Education Spec Part 4

AQA A" Government and Politics students studying ideologies in action education unit.

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Education Notes Part 4
Meritocracy: (Equality of opportunity) the people who achieve the best based on ability get the
best rewards.
Essentially everyone sits the same exams, even though there are multiple exam boards the
difficulty should be the same across all exams.
This would therefore allow for equal measurement of each child's progress.
However, children are taught from different standards of school, but because of the 1988
Education Act bringing in the National curriculum and set specifications for secondary
exams all children should be taught the same thing.
It is hard to measure though how each child is prepared for the Exams they sit, because
each teacher will have fluctuation in the type of teaching and how they teach a certain
Socialists Egalitarian : Want to bring more equality into education; this will lead to the loss of a
social hierarchy to finally remove the class system that we have in society.
Socialists want to raise people's opportunity to do well.
By getting rid or lessening the impact of independent schools, this will encourage all
children of any social background to mix.
Thatcher Reforms: (Look at Education Notes Part 3 for more information)
With the 1988 Education Act, it is quite clear that she accepted the socialist idea of
"Comprehensive system". That everyone can be taught the same thing by having a
National curriculum and having standardized tests.
New Labour Reforms:
Aspects pf New Labour do have Socialist emphasis ideas on them.
Many people hoped that test and league table would disappear from educational policy, once
New Labour was elected back into Government.
New Labour changed the direction of Educational Policy again, by refocusing on the less
affluent and minority groups in society.
New emphasis on compulsory education.
Focuses on Equality of opportunity e.g. Comprehensive sstem attempted to get everyone
to the same school, which will be run and funded by Government.
1997 White Paper Excellence in Schools
The new government's education policies were set out in the white paper Excellence in schools,
published in July 1997.
It proposed that:
Secondary schools would be encouraged to become 'specialist schools' which would be
allowed to select a small proportion of their pupils on the basis of 'perceived aptitudes';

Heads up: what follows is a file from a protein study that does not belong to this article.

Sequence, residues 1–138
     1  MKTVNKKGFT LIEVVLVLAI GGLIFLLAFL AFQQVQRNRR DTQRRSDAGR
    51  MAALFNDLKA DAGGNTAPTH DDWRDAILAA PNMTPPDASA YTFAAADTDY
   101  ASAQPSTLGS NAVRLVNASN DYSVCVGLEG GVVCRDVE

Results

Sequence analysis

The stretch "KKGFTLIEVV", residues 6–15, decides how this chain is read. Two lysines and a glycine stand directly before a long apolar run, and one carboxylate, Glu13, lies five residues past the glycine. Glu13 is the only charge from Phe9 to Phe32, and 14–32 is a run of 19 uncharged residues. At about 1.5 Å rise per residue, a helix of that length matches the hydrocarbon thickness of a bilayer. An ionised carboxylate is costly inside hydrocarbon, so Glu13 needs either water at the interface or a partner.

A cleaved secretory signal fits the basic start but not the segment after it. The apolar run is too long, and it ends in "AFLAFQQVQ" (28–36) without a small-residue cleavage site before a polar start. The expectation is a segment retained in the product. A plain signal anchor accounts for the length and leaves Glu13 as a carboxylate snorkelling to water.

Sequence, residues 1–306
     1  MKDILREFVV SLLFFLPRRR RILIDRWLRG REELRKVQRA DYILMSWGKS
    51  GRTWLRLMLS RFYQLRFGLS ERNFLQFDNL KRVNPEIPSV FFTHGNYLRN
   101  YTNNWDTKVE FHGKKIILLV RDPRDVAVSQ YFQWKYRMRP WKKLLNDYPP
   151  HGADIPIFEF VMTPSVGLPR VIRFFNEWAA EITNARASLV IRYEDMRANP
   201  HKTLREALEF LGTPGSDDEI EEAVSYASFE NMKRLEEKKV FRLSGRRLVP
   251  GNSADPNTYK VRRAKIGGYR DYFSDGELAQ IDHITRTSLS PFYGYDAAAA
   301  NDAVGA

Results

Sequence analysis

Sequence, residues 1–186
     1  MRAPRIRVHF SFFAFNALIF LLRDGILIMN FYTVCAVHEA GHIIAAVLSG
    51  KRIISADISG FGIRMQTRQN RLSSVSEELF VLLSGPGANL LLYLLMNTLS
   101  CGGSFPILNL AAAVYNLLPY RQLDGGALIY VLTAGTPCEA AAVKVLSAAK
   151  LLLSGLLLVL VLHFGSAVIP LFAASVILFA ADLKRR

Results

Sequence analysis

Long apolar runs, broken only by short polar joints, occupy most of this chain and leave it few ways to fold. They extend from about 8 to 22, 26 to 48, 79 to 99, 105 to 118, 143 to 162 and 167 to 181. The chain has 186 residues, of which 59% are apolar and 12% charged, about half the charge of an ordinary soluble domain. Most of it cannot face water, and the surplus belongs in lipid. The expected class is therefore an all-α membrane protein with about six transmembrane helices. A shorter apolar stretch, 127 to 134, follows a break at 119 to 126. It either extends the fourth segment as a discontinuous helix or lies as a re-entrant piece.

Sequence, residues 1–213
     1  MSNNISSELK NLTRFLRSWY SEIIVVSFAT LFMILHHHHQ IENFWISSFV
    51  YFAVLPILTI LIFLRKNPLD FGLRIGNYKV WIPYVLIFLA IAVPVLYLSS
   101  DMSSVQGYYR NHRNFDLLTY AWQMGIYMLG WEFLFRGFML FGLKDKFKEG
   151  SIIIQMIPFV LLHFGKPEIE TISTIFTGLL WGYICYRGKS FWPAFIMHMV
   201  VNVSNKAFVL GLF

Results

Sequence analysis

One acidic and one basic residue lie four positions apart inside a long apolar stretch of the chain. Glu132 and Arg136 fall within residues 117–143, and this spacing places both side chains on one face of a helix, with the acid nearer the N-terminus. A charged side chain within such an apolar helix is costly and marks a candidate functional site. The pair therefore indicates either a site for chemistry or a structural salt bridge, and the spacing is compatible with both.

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Education Notes Part 4
Class sizes for five, six and seven year olds were to be reduced to 30 or under. Funding
would be provided to enable LEAs to meet this target;
At least an hour a day in primary schools would be spent on English and an hour on maths.
(The National Literacy Strategy was introduced in September 1998, the National Numeracy
Strategy in September 1999);
Schools were to have targets for raising standards.…read more

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Education Notes Part 4
now to be designated 'beacon schools'. Unlike the EAZs, EiC operated through the traditional
channels of Whitehall, LEA and school.
73 large EAZs were eventually set up, but in 2001 two reports by the National Audit Office and
the Institute of Public Policy Research suggested that EAZs had largely failed to generate
adequate private sponsorship or deliver on the promises made when they were set up.…read more

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Education Notes Part 4
However, after age of 16yrs hard to measure if all children are in education.
Central aspects of the 1988 Education Act were the introduction of league tables to create
competition between schools as well as a ranking system. Marketization for parents was a result
of the creation of league tables.
League Tables:
The creation of league tables allowed marketization to happen and gave people free choice in
their education.…read more

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Education Notes Part 4
The Beacon Schools Programme:
Identified high performing schools across England.
Share effective practices in other schools to raise standards.
Appearance of been given a higher status would increase the attractiveness of the school.
However, this would mean that more middle class parents would send their children
there; this would lead to better results creating a wider gap in education and some schools
performing worst.
However, Ofsted is criticised for not showing a true reflection of the school.…read more


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